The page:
We reached this position after 20 moves. I'm threatening to pin the knight with Rfe8.
I'm feeling really good about my position. I almost felt as though he thought he could get away with leaving his king in the center against me. I was ready to show him that he couldn't take me so lightly and was prepared to punish him for not castling. Sometimes I have this bad habit of thinking about what post mortem "words of wisdom" I'm going to share with the opponent afterwards, while the game is still going on. I'm thinking to myself "He can't play Ke2 because I have the fork on g3 after Bxe4. I need to tell him he should have castled on move 15."
He plays 21. Ke2. I immediately play 21...Bxe4. He plays 22. Bxe4. Without even looking at how the capture has changed the position I instantly play 22...Ng3. Not only do I play the move right away, I slap the piece down with a little more emphasis then normal. I admit it, I was being a hot dog. I was acting like one of the kids. Needless to say I was mortified when he took my knight with his queen. It wasn't quite as bad as when "Mr. White" announced mate with a queen that was hanging. However it was another example of an adult acting like a child playing against a child.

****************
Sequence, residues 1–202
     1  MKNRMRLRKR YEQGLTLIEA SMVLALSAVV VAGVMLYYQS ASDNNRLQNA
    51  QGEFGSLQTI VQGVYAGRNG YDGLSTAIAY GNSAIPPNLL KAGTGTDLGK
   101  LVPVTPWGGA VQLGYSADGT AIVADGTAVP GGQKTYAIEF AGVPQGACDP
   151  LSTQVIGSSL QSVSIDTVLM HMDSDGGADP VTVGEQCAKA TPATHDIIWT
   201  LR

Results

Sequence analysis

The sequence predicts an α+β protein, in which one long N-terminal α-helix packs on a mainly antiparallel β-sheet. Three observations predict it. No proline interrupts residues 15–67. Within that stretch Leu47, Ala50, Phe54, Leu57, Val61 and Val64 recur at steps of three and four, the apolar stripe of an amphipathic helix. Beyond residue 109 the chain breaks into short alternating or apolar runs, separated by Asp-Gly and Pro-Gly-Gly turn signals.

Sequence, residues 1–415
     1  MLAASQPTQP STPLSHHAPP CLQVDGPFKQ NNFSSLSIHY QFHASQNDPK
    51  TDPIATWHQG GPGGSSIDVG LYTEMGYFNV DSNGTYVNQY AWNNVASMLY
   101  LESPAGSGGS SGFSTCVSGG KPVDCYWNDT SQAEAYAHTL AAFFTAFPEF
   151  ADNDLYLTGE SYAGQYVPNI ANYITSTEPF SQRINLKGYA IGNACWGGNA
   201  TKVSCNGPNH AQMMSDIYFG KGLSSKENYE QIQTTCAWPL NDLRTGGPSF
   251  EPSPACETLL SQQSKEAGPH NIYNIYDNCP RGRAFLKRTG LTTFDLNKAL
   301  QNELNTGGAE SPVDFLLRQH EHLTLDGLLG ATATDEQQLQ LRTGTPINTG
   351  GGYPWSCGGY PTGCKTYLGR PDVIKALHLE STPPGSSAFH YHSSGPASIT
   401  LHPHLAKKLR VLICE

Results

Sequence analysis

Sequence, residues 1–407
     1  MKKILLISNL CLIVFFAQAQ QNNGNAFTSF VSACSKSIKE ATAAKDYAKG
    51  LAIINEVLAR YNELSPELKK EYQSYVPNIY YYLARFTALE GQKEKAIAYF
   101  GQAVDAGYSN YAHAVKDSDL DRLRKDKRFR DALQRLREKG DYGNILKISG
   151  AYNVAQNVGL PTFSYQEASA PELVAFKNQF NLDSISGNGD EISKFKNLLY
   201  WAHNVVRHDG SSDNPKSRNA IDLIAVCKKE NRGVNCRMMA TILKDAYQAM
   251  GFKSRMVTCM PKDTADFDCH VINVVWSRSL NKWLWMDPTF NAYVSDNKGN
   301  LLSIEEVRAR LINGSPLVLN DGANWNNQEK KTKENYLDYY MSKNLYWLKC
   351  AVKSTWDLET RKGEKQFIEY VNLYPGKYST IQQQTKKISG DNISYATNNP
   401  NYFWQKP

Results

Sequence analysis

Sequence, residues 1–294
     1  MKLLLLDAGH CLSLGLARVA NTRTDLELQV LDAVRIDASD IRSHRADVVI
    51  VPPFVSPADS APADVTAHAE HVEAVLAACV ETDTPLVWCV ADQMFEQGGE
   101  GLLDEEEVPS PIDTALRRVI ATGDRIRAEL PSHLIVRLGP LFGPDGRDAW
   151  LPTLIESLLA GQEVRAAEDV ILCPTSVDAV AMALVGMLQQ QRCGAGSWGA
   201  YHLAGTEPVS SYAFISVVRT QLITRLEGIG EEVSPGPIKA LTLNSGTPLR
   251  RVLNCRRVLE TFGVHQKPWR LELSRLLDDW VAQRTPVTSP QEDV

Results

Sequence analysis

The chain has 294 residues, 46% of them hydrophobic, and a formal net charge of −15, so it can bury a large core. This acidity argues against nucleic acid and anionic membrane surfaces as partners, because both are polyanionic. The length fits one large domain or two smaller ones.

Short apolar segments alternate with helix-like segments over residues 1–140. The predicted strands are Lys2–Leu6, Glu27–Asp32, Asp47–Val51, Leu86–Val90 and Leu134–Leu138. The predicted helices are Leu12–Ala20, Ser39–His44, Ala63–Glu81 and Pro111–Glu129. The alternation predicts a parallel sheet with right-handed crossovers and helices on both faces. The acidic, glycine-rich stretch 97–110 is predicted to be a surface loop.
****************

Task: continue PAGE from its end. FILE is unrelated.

It was tempting to resign on the spot and curse myself for being so unfocused and overconfident, but I was too embarrassed at that point since a number of people had witnessed my faux pas. Even though my body language gave away my feelings about what had just happened, I decided I would try to keep my cool. I wasn't ready for my losing streak to go to seven. I figured with his king still sitting in the center I might get some counter play. Here is the actual game.
I was rather stunned when he put his rook on on d7. I hesitated before taking it. I did not slam the queen down when I made the capture. I had been given a chance to get back into the game. I didn't want to blow it by acting like a knucklehead again. He was down an exchange for a pawn. That's not an automatic win, especially when playing a kid who has a lot of tricks up his sleeve. Hopefully both of us learned something about staying focused and not getting overconfident when the opponent hands you a gift. It was an ugly win, but I'll take the gift along with the $35 first prize and 31 rating points.